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Big Data Project Seeks to Autocomplete Software Code

Binary code illustration


5 November 2014. A new project led by computer scientists at Rice University in Houston aims to apply big data analytics and data mining for software developers to generate code the same way as search engines anticipate or correct the entry of search terms. The 4 year, $11 million initiative is funded by Defense Advanced Research Projects Agency, or Darpa, and includes researchers from University of Texas-Austin, University of Wisconsin-Madison, and software code-quality company GrammaTech in Ithaca, New York.

Darpa is supporting this research as part of its Mining and Understanding Software Enclaves, or Muse, program that the agency hopes will change the way software is written. For Muse, Darpa seeks to engage a wide range of capabilities including programming languages, program analysis, theorem proving and verification, testing, compilers, software engineering, machine learning, databases, statistics, and systems from many domains.  The program’s Web site notes it “intends to emphasize creating and leveraging open source technology.”

A central feature of Muse is a public compendium of open source software representing hundreds of billions of lines of code. A specification mining engine would accompany this body of software that harnesses big data analytics to populate and maintain inferences about software properties, behavior, and vulnerabilities. From this base, Darpa expects Muse to generate new ways of automatically generating and repairing complex code.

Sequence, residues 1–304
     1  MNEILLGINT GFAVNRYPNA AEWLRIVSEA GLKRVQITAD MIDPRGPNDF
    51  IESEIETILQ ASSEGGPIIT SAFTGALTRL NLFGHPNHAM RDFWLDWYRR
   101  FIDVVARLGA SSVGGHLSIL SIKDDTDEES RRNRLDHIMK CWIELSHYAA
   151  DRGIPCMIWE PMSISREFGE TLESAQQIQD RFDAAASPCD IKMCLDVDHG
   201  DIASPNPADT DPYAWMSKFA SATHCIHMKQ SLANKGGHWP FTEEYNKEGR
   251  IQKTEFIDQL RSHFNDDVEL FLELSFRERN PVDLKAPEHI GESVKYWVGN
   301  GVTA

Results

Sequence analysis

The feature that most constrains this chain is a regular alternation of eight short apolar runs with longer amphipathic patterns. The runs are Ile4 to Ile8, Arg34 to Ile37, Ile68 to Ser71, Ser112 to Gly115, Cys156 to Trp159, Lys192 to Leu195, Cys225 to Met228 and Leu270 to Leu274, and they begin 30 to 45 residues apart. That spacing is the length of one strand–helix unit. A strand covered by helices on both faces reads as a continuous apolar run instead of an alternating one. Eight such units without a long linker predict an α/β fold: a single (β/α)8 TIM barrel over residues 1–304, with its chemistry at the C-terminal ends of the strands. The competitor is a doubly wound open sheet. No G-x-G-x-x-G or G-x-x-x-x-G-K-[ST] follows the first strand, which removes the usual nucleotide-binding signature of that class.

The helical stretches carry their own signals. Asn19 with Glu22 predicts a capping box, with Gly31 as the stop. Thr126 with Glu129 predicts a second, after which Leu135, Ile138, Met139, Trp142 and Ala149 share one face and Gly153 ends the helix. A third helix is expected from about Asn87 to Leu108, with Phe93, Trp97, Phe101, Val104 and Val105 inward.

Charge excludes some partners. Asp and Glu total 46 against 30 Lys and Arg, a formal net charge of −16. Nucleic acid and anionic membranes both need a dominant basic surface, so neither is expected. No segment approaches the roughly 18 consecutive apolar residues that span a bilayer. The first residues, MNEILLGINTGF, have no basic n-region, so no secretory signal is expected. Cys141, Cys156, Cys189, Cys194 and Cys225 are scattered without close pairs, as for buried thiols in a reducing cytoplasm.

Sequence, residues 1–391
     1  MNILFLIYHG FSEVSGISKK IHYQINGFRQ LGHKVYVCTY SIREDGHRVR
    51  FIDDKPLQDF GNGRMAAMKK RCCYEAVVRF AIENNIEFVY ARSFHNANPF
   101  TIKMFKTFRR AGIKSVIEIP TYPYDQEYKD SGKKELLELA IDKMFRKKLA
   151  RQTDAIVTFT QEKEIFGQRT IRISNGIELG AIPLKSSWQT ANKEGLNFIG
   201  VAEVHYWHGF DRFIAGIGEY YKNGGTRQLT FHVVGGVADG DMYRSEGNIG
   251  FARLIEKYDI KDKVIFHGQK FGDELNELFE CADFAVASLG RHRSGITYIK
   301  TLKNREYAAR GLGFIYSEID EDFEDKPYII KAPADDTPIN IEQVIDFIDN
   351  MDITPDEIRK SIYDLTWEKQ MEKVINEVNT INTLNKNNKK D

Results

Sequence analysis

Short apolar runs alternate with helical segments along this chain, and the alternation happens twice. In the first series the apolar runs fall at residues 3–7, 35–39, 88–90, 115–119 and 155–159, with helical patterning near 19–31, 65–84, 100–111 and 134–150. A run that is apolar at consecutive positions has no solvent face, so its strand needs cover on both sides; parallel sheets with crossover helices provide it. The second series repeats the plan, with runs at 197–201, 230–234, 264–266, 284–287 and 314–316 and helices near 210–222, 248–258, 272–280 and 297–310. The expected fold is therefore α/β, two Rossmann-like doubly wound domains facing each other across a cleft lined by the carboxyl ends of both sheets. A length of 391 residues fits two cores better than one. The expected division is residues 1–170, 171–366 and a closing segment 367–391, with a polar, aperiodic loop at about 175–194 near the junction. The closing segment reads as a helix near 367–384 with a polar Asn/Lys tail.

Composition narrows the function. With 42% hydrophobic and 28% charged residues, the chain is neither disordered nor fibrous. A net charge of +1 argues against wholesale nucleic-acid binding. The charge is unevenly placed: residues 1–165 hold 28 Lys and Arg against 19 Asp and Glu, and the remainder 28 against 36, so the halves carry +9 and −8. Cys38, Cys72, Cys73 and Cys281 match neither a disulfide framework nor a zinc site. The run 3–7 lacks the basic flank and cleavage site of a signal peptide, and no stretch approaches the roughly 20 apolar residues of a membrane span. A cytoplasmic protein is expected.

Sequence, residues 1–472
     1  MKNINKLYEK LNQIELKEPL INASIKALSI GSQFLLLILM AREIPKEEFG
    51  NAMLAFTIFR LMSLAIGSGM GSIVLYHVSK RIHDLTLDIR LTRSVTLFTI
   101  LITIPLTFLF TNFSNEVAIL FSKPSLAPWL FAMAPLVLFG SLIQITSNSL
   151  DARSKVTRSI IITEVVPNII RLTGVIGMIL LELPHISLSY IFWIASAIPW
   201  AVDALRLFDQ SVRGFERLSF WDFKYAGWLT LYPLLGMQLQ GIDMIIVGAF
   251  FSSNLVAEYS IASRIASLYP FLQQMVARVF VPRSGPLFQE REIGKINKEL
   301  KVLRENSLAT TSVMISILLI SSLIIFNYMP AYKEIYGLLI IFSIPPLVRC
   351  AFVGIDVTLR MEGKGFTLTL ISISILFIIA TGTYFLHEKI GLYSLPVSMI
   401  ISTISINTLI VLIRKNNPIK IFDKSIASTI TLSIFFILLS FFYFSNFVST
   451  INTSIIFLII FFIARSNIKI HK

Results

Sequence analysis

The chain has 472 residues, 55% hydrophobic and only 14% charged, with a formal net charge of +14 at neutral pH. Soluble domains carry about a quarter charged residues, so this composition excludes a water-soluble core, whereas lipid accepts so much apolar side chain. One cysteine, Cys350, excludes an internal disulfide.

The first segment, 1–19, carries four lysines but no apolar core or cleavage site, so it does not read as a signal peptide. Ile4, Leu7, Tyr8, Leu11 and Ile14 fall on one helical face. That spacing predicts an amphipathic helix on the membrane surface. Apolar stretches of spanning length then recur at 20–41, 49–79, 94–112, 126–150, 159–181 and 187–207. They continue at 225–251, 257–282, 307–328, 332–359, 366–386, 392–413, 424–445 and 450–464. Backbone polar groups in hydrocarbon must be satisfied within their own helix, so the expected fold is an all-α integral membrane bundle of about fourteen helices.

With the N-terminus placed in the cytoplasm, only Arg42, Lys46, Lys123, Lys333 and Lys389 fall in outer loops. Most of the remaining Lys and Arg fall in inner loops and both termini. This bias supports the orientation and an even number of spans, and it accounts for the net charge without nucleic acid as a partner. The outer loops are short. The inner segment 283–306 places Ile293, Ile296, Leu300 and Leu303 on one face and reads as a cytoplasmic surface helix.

The system created by the Rice project, known as Pliny — named after the Roman philosopher credited with writing the first encyclopedia — will be designed to read the first lines of code, then recommend the rest of the code. In addition, Pliny would test the code for bugs and security vulnerabilities. “You can think of this as autocomplete for code, but in a far more sophisticated way,” says Rice’s Vivek Sarkar in a university statement. Sarkar is chair of Rice’s computer science department and principal investigator on the project.

The Rice team expects to employ Bayesian statistics, which apply mathematical principles to calculate conditional probabilities. In Bayesian models, probabilities are constantly refined with the introduction of new evidence, creating new conditions and outcomes. Co-investigator on the project Chris Jermain, a fellow Rice computer scientist says, “Much like today’s spell-correction algorithms, it will deliver the most probable solution first, but programmers will be able to cycle through possible solutions if the first answer is incorrect.”

Sarkar tells more about the Pliny project in the following video.

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